But what can be measured certainly is the social impact of the initiatives. Ward and his colleagues have spent the last three years developing an auditing system called ACCOUNTABLE that allows them to deeply evaluate the impact that their business is having on women. "As we've gone through that process, we saw how important it was for the way we think about our own business."
As a result of these audits, they have implemented a number of changes that have significantly improved operations. "For example, at our Nashville audit we scored poorly on safety. We found that some of our processes for making jewellery were not as safe for our workers as they needed to be; so, we made improvements by getting our team the equipment and protocols they needed. Finding that information out is exactly why we are doing ACCOUNTABLE-to uncover weaknesses in how we work with women and create the best work environment possible."Ward wants this to be emulated by others. "We want other brands to utilise the platform, too, so we're actually in the process of establishing ACCOUNTABLE as its own nonprofit. After it is confirmed, other companies will be able to use the auditing system to evaluate their supply chains. It is important to us that ACCOUNTABLE is operated as a third-party entity to ensure its neutrality."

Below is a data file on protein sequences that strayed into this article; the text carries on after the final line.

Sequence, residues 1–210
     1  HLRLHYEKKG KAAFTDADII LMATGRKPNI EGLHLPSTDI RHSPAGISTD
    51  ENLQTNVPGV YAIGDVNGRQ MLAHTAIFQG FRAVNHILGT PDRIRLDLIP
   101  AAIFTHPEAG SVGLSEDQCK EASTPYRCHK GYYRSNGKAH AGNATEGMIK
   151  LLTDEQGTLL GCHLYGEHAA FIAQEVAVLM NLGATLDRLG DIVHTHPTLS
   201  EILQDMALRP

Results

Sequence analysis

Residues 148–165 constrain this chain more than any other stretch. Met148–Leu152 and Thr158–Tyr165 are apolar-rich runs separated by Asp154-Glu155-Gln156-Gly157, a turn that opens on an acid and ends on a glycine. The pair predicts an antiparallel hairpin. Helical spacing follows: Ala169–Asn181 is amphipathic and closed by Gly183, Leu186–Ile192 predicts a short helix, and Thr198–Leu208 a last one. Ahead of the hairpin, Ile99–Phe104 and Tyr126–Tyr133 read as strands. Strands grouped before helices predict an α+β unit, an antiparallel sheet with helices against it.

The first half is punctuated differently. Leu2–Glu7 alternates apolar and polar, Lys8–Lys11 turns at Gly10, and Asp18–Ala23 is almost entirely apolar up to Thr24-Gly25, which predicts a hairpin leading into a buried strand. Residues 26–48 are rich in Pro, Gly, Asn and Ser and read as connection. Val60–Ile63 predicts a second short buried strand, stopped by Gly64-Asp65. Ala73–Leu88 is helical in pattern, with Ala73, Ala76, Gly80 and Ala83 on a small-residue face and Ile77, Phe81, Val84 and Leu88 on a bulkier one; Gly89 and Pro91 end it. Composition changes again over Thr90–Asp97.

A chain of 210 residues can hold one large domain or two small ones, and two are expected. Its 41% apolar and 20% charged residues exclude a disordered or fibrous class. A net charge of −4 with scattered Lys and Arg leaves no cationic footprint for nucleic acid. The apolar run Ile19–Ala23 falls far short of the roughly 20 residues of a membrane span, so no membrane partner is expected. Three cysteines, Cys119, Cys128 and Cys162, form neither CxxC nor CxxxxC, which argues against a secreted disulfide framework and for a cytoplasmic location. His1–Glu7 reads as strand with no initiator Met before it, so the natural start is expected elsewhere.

What the supply chain in the textiles-apparelfashion industry does is touch the lives of women, which is crucial to tackling poverty. In 2014, Ward had remarked to a magazine: "If we are to be serious about solutions to poverty, we have to be creating new jobs and creating them for women." But that's from 2014. Would he rephrase it any differently today? "No. It's still our guiding principle today. Globally, women are concentrated in the lowest-paid and least secure jobs, making them particularly vulnerable to poverty. Last year, 82 per cent of all wealth created went to the top 1 per cent, while the bottom 50 per cent saw no increase at all. And women are often most affected by this growing inequality.
"But the good news is that there are proven solutions-when we invest in women, economies and communities thrive. Women invest twice as much of their income into their families than men (80 per cent vs. 30-40 per cent), which means that when they are paid wages that meet their basic needs, personal safety, overall health, and education improve for each generation. For me, investing in women is not just the right thing to do, it's the smart thing to do if we want to see real change."